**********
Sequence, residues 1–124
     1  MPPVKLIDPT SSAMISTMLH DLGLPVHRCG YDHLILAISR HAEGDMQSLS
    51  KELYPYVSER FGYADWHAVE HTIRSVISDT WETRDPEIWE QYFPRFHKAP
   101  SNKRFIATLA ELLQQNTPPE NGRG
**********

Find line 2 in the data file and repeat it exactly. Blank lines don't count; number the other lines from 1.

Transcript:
     1  MPPVKLIDPT SSAMISTMLH DLGLPVHRCG YDHLILAISR HAEGDMQSLS